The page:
Originally Posted by Rob Morse
Resurrecting subwoofers in this condition is not often practical. The reality is you have a beat up cabinet and need a replacement driver and amp assembly. The cost of purchasing these components is fairly high. Repairing the amplifiers would be difficult as the schematics are not available since the those amps are still used in current production pieces.
With regards to creating your own, my ability to advise is quite limited. When we assemble our subwoofers care is taken to match the drivers and amplifiers to work together. It is advised you are cautious and realize you operate at your own risk when creating a Frankenstein subwoofer from miscellaneous components. Any safety agency approvals the devices once carried are null and void once you start mixing components.
Thank you very much Rob for your response. Regarding electronics repair, this is what I did in the military, and as a hobby off and on for 30 years or so. I have gone as far as reconstructing or duplicating snapped circuit boards. So, replacing the bad capacitors, testing the power supply section is fairly straight forward. However, both of these amps use what appears to be an accelerometer glued to the speaker cone to provide the feedback to the preamp stage of the plate amp, or on the Digital Drive plate amp, there is a more advanced controller board with an onboard computer on it. This is the part of the amplifier which I imagine is your trade secret. The actual amplifier module on these plate amps appears to be a fairly straightforward amplifier. However, I was somewhat surprised to see that both of these amps rectify AC line current straight from the input plug with no power supply transformer... safety is definitely an item to keep an eye on here. With this in mind, I can see how you would make a recommendation to stay wall away from the amplifier module. I was also surprised to see that you are only using six 1000uf capacitors to filter the power supply for a 1250 watt rms output stage. Although at the ~170 VDC used by the module, your amp would only be pulling about 7-8 amps, but that still results in quite a bit of power supply ripple. Perhaps this is possible due to the Class D amp. All my experience has been with older style Class A or B amps years ago.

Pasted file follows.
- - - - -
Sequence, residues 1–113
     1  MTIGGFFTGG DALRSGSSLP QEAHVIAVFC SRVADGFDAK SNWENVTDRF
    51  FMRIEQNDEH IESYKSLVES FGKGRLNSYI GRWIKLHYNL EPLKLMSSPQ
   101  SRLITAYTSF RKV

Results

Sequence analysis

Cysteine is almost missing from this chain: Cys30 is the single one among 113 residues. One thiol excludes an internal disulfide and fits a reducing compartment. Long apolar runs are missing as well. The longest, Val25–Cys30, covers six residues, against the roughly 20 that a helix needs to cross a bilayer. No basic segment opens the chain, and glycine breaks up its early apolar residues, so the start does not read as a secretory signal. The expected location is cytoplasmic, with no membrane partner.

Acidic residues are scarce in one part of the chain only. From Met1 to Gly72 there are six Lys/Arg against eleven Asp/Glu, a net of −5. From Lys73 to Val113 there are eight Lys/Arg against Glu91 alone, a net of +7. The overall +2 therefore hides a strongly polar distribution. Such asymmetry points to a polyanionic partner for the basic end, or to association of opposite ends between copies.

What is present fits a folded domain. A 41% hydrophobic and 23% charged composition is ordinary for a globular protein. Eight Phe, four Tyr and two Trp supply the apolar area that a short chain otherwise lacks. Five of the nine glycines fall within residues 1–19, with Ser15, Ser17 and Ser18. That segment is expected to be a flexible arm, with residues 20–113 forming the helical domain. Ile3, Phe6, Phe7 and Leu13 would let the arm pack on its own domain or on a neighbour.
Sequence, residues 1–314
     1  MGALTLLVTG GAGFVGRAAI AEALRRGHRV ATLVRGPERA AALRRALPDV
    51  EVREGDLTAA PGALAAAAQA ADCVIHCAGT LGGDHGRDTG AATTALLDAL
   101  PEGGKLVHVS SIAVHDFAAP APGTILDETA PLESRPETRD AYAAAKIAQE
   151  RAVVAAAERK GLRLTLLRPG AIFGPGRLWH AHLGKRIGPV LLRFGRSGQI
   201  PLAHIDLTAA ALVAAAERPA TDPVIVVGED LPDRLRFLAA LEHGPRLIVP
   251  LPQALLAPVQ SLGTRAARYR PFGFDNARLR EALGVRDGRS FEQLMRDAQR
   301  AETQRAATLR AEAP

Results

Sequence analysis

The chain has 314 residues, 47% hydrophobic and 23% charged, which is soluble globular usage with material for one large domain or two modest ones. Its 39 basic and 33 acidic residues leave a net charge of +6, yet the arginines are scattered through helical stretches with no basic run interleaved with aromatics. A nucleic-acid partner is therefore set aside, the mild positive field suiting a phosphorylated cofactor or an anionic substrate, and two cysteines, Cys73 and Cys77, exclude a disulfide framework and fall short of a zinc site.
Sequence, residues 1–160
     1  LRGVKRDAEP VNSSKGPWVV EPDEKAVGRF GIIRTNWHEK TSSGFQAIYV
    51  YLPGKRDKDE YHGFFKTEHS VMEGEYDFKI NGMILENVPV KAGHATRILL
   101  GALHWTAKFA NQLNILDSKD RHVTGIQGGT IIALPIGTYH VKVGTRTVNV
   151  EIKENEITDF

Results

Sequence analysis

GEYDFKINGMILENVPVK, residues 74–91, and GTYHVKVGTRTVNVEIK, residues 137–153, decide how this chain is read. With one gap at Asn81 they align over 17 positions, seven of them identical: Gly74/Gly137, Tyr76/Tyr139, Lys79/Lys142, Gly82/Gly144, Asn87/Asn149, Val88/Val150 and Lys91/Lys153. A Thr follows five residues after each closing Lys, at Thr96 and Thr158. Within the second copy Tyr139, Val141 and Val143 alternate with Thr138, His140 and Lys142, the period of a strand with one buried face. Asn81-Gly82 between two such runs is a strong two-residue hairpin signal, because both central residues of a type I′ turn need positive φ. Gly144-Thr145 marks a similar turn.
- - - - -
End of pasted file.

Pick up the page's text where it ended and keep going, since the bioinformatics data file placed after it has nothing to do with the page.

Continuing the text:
Anyway, on the Digital Drive plate amp, there are two jumper blocks, neither one is labeled that I could see. On the left is a block with five or six jumper positions and no jumpers in place. On the right side, there is one with two jumpers positions and a jumper on the right pair. Are these used as a proprietary connector to program the controller module at the factory to match the driver installed in the box, or are they there to set additional options ... Perhaps there is an option to disable the accelerometer feedback. I believe that I have the accelerometers for each plate amp, but would prefer to just disable or bypass the accelerometer function for testing the amps prior to investing in a replacement driver, even though I considered gluing one to a standard 15" driver, but doubt that would work well since the dampening and excursion would not match the intended driver at all.
I do realize that these plate amps are probably not worth the time to fix up. I may just toss them out and build a DIY sub following a proven plan. But on the other hand, I may see if I can fix them up just for the challenge to see if I can do it. I may even scope the 10 or so pins going between the pre-amp or controller boards and the amplifier module and just build a new pre-amp section to drive the amplifier module, just to see if it can be done.
As far as building a franken-sub. I suppose you could call it that. I prefer to call it a learning experience whether the plate amps are repairable or not.
P.S. I know it may be a long shot. But could you provide part numbers and a ball park figure for how much the 15" drivers to match these two plate amps would cost? That would help me decide if I want to resurrect or just experiment with these plate amps.
Thank you very much - JZ